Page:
The Milwaukee Public School District is beginning another difficult budget process.
New Superintendent Keith Posley is proposing a $1.2 billion spending plan for the 2019-2020 school year. It includes a modest boost in classroom funding, including 62 new teacher positions and 22 educational assistants.
Superintendent Posley frames the budget as a school-friendly plan, emphasizing the fact that it increases school operations spending from 88 to 90 cents per dollar.
At a public hearing Thursday, several MPS principals spoke in support of the plan because it doesn’t eliminate staff in their buildings.
“To open the FY20 budget to find that I would be able to keep all of my staff, my electives and all the other items needing to effectively manage the school building – I was elated,” said Morse Middle School Principal Phyllis Anderson.
Some principals said their schools would be able to add one or two new positions thanks to the budget.
But teachers and other school workers said maintaining positions and adding a few new ones isn’t enough. They packed the public hearing to urge the district to create an environment where staff members want to stay.
“Sometimes I think why do I stay?” said Wedgewood Park Middle School teacher Elizabeth Kosmach. “Why do I want to stay in a district that when I retire, I will have no health insurance? Why do I want to stay in a district that there is no way to move up in the pay scale? We need steps and lanes to retain teachers. Otherwise, you are setting yourselves up, MPS, as a training facility for suburban districts to get teachers.”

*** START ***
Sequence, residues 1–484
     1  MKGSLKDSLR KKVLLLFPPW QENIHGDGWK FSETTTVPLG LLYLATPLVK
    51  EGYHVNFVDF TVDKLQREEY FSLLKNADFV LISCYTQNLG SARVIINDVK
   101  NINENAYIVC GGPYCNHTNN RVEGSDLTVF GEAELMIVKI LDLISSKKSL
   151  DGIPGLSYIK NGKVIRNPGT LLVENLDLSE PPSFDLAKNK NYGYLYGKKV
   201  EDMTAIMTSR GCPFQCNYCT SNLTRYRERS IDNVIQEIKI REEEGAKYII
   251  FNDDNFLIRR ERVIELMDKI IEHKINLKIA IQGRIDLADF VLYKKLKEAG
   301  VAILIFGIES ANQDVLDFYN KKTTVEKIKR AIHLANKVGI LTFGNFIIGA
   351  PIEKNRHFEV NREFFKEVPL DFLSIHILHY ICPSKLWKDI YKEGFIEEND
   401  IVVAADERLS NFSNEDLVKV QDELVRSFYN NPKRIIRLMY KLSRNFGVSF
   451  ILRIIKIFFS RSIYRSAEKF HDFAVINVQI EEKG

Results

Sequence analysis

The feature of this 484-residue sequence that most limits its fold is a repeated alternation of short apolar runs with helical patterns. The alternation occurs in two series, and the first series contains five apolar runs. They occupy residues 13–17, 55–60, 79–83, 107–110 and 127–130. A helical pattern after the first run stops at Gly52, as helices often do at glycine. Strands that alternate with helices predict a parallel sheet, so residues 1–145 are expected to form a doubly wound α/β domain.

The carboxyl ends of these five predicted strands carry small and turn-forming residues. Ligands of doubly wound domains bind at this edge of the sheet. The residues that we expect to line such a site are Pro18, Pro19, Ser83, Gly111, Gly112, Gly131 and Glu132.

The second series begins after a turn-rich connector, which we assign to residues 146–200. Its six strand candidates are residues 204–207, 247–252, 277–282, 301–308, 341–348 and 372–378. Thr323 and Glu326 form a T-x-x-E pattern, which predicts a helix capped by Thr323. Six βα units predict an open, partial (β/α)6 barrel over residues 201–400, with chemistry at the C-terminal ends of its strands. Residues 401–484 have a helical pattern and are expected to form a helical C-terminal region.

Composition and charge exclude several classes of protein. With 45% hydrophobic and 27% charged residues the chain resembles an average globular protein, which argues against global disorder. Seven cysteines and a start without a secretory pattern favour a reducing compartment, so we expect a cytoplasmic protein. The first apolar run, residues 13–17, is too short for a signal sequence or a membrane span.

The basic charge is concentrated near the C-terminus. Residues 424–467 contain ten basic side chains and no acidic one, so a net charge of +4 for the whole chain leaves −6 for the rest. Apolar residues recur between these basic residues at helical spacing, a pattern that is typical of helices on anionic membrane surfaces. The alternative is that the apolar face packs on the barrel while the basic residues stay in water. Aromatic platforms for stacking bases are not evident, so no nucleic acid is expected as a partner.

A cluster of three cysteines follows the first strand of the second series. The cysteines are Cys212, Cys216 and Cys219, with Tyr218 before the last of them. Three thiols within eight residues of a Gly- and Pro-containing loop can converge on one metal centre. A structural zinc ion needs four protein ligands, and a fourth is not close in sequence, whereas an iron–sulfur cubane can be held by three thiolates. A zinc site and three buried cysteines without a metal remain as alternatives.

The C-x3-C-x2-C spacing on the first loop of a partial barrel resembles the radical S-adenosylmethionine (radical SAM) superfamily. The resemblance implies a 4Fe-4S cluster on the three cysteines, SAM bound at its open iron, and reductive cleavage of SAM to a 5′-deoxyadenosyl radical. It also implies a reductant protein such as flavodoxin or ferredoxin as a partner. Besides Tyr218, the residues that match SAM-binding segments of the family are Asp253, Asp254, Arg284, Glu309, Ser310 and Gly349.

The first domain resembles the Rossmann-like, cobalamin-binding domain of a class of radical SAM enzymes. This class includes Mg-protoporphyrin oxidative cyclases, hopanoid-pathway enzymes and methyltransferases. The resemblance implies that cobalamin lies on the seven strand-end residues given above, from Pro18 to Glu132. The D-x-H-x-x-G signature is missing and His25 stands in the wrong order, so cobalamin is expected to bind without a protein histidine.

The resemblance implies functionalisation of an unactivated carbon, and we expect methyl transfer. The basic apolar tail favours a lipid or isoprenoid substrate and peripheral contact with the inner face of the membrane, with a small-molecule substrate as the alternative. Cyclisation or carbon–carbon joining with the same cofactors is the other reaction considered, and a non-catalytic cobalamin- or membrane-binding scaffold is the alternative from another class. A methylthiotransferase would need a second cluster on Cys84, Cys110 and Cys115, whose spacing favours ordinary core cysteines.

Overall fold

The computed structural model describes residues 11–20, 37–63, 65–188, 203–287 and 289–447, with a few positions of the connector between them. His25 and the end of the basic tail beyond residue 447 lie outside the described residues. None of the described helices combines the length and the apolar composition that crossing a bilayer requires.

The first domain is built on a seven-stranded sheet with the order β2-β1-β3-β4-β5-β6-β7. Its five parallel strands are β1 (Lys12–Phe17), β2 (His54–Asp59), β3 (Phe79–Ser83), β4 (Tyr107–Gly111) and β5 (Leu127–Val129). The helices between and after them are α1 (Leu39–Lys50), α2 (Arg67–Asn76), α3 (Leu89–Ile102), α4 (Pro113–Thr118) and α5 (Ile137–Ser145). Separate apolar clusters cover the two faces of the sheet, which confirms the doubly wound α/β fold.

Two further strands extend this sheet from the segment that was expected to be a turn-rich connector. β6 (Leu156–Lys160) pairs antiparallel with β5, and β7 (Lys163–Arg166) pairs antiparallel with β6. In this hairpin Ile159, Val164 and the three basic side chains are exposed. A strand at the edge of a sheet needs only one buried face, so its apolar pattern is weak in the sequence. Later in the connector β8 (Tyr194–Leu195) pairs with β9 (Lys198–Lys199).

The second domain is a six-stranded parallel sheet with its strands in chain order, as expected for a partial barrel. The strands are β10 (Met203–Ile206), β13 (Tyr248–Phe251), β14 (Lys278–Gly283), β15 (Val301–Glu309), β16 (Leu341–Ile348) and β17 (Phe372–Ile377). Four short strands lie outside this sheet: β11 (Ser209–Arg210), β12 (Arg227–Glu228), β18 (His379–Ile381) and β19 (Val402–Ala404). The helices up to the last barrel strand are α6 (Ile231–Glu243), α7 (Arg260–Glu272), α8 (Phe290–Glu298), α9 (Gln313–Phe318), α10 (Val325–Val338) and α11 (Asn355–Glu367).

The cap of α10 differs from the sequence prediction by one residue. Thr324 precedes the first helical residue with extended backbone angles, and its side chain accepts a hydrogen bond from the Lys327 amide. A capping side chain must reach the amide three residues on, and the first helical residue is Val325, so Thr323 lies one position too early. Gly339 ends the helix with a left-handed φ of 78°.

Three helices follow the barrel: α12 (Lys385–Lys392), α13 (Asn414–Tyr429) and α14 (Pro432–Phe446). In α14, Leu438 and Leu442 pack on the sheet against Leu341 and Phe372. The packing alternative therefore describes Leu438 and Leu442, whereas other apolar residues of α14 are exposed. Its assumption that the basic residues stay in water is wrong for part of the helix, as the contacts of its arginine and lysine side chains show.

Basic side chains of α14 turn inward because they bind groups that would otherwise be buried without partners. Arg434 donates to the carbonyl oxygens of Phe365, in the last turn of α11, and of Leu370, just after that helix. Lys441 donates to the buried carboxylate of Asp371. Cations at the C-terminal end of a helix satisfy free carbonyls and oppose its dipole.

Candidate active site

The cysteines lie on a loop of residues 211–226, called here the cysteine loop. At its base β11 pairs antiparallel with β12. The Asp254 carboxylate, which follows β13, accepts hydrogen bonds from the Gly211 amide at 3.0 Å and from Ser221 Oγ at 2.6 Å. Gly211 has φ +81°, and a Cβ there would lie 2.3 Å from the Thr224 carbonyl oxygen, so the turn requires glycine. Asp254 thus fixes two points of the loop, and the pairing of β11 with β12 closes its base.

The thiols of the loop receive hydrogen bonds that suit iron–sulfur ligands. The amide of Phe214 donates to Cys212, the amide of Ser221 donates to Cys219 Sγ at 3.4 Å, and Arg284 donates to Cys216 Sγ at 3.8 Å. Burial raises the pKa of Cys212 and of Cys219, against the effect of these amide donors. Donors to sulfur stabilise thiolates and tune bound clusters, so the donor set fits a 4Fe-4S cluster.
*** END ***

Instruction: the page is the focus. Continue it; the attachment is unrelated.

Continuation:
The proposed budget includes a cost-of-living salary increase of 2.44 percent. But teachers called on the school board to implement a pay scale that gives staff reliable raises. They also said the district doesn’t do enough for its hourly employees, like Anita Blue, a building service helper at Washington High School.
“Twenty-eight years in the district, I make $14.12,” Blue told the board. “All I’m asking for is a decent, living wage."
The school board has the final say on how MPS spends its money. Board members were sympathetic to the concerns raised by school workers. Superintendent Posley said he was too, but the district has a limited amount of money to spend.
“We are 100% committed to all employee groups in this district,” Posley said. “I cannot change the world overnight. I have done everything I possibly can to do just that. And I am open to looking at new ways to solve the problems we have.”
MPS is heavily reliant on state funding, which is hard to predict right now. Wisconsin’s Legislature is in the middle of its budget process. Democratic Gov. Tony Evers wants to greatly increase school spending. But Republican lawmakers in control of the legislature are not on board with many of his ideas.
The next public hearing on the MPS proposed budget is scheduled for May 21.
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